The next morning, J & I walked along the riverside to Sugar & Spice Cafe, which is run by Daughters of Cambodia. A staggering 1/40 Cambodian women will be sold into the sex trade at some point, and the biggest obstacle to getting out is that their families need money, so they have to find other employment. Lots of places don’t want to hire an ex-prostitute. Daughters of Cambodia runs several businesses to hire these women, 1 of which is this cafe.
It’s crazy that 5-10 women PER WEEK came to these businesses, asking for help in getting out of sex trafficking. Just wow.
Next, we walked by the Royal Palace (closed for a day of fasting) and through a nearby park that’s under construction. I like that they put the monuments in first!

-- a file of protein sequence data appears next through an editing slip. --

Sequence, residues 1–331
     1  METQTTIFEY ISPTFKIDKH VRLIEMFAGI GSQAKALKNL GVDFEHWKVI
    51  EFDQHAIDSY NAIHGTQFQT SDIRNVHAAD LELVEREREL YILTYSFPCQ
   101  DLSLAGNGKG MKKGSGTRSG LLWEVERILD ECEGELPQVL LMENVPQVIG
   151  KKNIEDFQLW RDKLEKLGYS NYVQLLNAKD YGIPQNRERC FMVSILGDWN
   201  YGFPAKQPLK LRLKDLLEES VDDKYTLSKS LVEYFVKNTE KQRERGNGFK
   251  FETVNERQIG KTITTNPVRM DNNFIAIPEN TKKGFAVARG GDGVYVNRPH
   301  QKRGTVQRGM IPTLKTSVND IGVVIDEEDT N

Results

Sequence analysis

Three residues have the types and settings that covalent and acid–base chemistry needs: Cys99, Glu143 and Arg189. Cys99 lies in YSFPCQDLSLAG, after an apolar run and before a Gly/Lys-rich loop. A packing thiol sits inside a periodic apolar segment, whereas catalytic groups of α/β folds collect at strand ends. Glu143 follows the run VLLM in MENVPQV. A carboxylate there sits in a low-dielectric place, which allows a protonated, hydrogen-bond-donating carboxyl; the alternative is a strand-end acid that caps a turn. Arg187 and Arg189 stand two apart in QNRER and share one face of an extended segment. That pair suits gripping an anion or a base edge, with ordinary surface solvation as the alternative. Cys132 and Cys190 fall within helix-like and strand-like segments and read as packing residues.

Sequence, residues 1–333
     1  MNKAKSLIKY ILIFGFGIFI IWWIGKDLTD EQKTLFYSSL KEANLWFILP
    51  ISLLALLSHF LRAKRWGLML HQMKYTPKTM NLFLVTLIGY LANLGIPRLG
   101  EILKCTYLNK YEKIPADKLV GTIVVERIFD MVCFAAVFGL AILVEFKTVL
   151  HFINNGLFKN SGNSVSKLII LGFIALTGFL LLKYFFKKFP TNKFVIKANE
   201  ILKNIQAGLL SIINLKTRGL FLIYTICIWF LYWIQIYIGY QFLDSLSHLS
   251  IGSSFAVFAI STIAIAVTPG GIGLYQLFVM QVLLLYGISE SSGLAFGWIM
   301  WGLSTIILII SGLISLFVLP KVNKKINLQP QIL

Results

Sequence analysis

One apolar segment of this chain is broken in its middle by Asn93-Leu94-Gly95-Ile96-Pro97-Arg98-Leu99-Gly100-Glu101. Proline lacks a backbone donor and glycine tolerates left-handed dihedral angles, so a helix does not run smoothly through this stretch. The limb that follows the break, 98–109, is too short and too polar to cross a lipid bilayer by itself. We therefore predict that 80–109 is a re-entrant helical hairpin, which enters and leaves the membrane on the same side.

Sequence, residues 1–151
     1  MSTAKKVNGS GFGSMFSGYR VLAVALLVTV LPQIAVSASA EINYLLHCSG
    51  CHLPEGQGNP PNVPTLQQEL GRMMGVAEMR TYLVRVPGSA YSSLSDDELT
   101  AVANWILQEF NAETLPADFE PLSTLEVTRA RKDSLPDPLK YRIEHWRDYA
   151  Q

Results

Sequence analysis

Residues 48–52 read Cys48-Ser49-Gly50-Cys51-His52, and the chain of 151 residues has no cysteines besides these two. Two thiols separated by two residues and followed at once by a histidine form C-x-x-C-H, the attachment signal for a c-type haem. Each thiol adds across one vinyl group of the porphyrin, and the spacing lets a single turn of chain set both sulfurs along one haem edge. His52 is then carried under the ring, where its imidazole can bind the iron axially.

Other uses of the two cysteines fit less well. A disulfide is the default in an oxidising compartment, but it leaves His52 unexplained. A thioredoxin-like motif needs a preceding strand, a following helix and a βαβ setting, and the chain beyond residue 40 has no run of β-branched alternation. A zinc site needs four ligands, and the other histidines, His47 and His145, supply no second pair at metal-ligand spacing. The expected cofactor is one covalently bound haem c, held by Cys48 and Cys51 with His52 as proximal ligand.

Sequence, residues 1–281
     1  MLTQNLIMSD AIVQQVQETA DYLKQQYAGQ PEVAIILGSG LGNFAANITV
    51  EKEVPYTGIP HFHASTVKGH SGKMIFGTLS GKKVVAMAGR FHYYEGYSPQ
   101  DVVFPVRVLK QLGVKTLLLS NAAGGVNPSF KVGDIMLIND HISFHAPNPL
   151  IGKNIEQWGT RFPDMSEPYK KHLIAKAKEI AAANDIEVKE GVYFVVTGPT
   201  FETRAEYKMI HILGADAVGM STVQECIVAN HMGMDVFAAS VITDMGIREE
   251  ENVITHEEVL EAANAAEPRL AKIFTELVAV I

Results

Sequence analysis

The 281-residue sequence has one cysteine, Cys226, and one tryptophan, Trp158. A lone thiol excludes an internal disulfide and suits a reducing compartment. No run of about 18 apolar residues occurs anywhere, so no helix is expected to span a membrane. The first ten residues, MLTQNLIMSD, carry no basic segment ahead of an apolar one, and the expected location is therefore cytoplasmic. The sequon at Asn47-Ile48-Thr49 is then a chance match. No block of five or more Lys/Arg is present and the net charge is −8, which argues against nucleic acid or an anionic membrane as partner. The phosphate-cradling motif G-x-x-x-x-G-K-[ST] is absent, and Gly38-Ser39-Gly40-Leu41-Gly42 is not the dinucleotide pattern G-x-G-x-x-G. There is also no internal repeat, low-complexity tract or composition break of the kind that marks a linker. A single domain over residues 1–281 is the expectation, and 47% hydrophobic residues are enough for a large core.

I really, really like that this tuk-tuk is about to haul a scooter.
This green space in the middle of a boulevard along embassy row leads to a statue of the first king of independent Cambodia and then the freedom monument.
No tuk-tuks on this road! (no one followed it).
It’s not just China! Elderly people dancing to techno in the park near sundown.
Lastly, some great English on this snack (plus, tomatoes don’t come from the sea), and this little monster who loved chasing me around the hostel in her walker. She thought my tattoos were super confusing and kept trying to rub them off.
I have some good memories from Phnom Penh. It really impacted me a lot, and I learned a lot about myself here. After every genocide, we say, “The lessons learned here will help us make sure this never happens again. Never again!” However, it keeps happening. We said that after the Holocaust, and then we’ve had Rwanda, Cambodia, East Timor, Kosovo, Kurdistan/Iraq, and there will be more. What’s wrong with us? That’s a question that doesn’t have easy answers.
Next up: Kampot, on the south coast of Cambodia.